Alexandra Africano was reading “The New Map” by Daniel Yergin during her senior year as a chemical engineering undergraduate student when she realized an advanced degree would help her make a more meaningful difference in the energy industry. Unwilling to abandon her discipline, she discovered Rice University’s Master of Engineering Management and Leadership (MEML) program would provide the leadership exposure she wanted while also advancing her path in chemical engineering.
“In the current global energy landscape, there is this interplay between emerging technical advances and opportunities in energy transition and climate change. I wanted to learn more -- needed to learn more-- about these advances and about decision-making processes if I was going to climb the ladder to a place where I could make an impact,” said Africano.
Two weeks after completing her B.S. in Chemical Engineering, Africano moved to Houston to begin her graduate degree as a MEML student.
“Rice’s engineering leadership curriculum included the kind of specialized training that would enable me to better understand the energy challenges we face and empower me to suggest new approaches to those issues,” she said. “I knew the MEML program would be a catalyst for my growth in the industry, and I chose Rice specifically because its reputation would lend authority to my early contributions.”
She also chose it because her comparisons of similar programs made Rice’s unique environment stand out. Africano was impressed by the university’s breadth of innovation and discovery, where entrepreneurship and research opportunities are available to students at all levels of study.
“Now when I imagine creative disruption, I immediately think of Rice,” she said. “I was intrigued by the rigor of the program because I really love to be challenged and it seemed a good match for my capacity. Rice is also in the news a lot for its collaborations to improve the environment and how we spend our natural resources. "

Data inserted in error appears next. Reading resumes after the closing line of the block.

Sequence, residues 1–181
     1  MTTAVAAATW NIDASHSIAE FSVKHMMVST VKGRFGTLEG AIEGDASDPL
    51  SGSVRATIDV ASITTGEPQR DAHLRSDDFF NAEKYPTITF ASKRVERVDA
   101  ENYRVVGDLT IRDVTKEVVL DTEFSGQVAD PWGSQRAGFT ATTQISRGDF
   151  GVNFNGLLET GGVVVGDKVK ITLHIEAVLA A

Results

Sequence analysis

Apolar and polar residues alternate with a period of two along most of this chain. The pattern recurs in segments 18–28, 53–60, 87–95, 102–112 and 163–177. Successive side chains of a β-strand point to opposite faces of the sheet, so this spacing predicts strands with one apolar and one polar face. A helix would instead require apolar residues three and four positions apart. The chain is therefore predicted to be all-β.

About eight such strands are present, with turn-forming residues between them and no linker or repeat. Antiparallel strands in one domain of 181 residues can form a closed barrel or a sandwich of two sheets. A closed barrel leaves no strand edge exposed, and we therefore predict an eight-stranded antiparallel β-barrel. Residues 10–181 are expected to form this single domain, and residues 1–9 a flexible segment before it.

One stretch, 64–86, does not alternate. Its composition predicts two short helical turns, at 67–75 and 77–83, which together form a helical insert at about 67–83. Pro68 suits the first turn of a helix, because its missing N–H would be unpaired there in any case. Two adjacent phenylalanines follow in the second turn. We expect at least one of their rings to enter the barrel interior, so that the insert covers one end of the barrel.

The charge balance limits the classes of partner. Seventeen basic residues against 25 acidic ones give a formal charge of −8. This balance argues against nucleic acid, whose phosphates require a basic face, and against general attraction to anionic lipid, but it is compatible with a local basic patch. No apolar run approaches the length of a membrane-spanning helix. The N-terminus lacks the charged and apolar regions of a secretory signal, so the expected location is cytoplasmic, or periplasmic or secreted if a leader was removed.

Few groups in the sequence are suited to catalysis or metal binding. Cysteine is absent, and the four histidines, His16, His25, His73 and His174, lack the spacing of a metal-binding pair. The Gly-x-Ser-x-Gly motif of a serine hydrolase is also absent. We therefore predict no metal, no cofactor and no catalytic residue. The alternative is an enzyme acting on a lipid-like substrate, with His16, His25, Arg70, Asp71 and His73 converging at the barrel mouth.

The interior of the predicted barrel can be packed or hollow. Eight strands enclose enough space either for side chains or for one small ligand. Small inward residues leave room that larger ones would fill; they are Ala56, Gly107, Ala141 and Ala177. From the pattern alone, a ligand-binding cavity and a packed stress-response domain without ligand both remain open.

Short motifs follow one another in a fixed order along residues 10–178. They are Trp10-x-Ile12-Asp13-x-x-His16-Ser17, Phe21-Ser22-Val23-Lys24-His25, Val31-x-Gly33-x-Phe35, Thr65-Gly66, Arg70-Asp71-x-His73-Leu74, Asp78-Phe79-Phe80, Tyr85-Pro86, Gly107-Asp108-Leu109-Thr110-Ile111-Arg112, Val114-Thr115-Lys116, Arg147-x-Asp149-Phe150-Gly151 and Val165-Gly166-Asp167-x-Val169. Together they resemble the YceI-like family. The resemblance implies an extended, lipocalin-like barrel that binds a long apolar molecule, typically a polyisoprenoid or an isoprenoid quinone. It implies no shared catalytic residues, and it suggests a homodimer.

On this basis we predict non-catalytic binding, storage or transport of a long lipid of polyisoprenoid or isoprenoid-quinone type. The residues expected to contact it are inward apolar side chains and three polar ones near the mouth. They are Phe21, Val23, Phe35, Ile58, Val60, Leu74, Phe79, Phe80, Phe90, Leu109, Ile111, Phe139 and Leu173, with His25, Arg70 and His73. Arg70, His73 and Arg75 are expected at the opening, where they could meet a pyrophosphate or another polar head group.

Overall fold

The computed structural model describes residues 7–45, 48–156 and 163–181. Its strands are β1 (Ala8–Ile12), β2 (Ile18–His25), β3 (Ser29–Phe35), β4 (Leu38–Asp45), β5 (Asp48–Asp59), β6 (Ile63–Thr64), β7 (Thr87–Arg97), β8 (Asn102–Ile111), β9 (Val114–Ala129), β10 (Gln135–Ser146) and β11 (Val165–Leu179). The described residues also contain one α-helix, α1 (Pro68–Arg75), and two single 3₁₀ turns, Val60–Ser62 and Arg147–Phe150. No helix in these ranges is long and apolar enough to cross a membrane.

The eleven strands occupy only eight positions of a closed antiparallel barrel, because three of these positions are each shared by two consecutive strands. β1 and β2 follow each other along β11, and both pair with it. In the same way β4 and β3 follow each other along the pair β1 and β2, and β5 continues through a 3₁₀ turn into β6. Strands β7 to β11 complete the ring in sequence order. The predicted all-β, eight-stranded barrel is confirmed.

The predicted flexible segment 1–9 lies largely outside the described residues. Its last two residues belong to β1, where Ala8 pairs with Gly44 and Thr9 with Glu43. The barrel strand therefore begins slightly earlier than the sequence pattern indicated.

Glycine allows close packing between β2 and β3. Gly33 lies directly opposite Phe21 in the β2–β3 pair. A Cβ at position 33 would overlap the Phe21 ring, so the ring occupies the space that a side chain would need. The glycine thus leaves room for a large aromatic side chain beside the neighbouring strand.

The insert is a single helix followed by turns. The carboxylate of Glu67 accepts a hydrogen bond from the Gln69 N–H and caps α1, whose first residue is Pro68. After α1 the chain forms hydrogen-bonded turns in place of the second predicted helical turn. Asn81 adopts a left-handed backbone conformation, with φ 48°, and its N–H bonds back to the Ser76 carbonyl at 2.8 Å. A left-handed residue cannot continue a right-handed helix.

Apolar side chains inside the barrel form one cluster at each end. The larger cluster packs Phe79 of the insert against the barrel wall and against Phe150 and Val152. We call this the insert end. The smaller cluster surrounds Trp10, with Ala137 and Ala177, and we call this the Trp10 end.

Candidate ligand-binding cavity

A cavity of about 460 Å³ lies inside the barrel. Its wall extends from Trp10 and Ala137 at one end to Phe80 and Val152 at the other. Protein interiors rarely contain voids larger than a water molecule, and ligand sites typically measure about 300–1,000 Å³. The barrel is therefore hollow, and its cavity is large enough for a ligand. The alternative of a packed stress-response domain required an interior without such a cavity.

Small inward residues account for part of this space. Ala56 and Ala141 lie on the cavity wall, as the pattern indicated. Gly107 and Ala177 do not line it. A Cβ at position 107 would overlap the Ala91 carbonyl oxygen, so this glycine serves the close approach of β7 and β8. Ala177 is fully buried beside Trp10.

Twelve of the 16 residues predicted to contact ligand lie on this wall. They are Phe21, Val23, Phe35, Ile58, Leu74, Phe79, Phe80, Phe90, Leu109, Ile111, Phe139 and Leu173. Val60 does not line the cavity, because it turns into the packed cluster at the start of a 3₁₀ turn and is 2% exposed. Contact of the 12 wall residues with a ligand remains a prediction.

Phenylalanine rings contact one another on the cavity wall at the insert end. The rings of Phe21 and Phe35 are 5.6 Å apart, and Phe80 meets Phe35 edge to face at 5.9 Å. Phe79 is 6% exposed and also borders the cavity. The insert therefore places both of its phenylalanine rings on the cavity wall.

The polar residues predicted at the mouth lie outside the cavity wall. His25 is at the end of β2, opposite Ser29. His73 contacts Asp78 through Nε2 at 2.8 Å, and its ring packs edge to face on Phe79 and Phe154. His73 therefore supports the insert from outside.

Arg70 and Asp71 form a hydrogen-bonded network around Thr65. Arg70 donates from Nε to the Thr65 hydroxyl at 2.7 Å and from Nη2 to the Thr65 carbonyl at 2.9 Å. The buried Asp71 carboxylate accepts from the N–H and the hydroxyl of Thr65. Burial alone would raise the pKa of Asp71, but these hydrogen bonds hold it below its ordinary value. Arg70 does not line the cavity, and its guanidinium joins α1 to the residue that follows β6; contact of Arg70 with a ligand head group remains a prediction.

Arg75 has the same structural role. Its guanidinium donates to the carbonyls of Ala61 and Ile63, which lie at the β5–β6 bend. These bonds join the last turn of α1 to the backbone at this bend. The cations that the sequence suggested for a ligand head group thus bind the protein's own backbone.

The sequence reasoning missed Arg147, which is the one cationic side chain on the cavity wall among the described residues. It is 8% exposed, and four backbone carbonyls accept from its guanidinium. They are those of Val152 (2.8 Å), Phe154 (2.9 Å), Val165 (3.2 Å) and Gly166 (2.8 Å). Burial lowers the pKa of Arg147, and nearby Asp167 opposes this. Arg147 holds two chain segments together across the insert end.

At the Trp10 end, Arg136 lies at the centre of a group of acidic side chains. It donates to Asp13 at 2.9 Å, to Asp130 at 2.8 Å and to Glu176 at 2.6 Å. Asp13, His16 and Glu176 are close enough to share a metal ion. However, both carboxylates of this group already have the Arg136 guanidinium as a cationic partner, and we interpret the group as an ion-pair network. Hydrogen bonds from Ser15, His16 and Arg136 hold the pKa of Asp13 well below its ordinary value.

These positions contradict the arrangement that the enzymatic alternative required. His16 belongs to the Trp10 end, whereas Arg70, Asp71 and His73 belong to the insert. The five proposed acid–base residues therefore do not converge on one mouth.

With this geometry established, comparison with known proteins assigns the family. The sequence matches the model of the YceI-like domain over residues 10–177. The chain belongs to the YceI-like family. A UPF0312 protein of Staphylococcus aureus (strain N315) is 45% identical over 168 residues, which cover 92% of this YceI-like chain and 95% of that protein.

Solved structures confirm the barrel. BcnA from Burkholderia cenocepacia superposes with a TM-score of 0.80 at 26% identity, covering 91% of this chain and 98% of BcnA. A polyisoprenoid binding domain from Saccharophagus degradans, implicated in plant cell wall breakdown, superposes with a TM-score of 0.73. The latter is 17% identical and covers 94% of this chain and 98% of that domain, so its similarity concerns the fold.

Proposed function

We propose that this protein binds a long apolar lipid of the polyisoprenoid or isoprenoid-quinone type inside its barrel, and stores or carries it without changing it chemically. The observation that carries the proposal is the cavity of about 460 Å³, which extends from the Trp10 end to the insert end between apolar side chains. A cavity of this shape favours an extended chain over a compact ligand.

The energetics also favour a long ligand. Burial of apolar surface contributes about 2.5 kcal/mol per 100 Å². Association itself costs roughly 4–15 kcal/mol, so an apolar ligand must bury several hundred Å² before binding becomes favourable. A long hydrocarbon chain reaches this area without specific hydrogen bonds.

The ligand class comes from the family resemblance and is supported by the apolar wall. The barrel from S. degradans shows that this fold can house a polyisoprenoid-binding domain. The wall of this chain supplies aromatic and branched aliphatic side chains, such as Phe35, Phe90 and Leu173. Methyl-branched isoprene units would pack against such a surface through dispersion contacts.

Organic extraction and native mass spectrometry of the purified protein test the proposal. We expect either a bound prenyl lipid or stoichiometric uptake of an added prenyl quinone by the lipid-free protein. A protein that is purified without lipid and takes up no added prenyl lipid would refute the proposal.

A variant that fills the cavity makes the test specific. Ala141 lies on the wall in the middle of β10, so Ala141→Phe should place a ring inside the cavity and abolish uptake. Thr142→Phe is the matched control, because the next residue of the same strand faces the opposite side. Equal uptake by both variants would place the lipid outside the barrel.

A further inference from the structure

“But it was probably Rice’s commitment to diversity and inclusion that really caught my attention. I come from a different background, a different country, and I didn’t speak English well when I began my undergraduate degree in the United States. Rice just seemed the kind of place where I would feel embraced and at home.”
Settling into her classes and activities, Africano immediately recognized how the program’s framework would prepare her to be a strong leader in the fourth industrial revolution (Industry 4.0 or I4). Just as importantly, she expanded her mastery of chemical engineering to include fluid mechanics and transport processes, reaction engineering and plant design.
“One of the things I love about this program is how we can be both engineers and leaders. In MEML we say, ‘The goal is not to leave engineering but to lead engineering.’ As a future energy leader, I can never forget the engineering that will drive I4 into the next decade,” she said.
“Data science is a critical aspect of the digitalization that is contributing to the industrial revolution, so of course data analysis, programming, machine learning, and AI are part of our curriculum. But we’re also learning how to link technical expertise and advances to decision making.”
At the end of her first semester as a MEML student, Africano was hired as a data science and statistics teaching assistant (TA). She also secured a summer role as a Process and Controls Engineering Intern with one of the largest privately held organizations in the United States, thanks in part to her Rice connections and activities.
Her advice to prospective and new MEML students is to explore and enjoy a wide range of activities at Rice. She recommends attending many networking events and company visits to learn more about different industries and what is important to the engineers in each one.
“And take advantage of the Rice alumni mentorship program,” said Africano. “My mentor has a chemical engineering background plus years of experience working around the world, including in my home country. It was great to share stories of the place, and talking to someone who is thriving on a path I hope to follow has been crucial for me.
“Finally, talk to your professors all the time. I can’t express enough how much I have learned from the MEML professors; they are here to help us and all of them want to see us succeed. Don’t be afraid to ask questions. They have a deep well of experience and we want to drink from that water!”
Learn more about Rice University's Master of Engineering Management and Leadership program at our upcoming information sessions.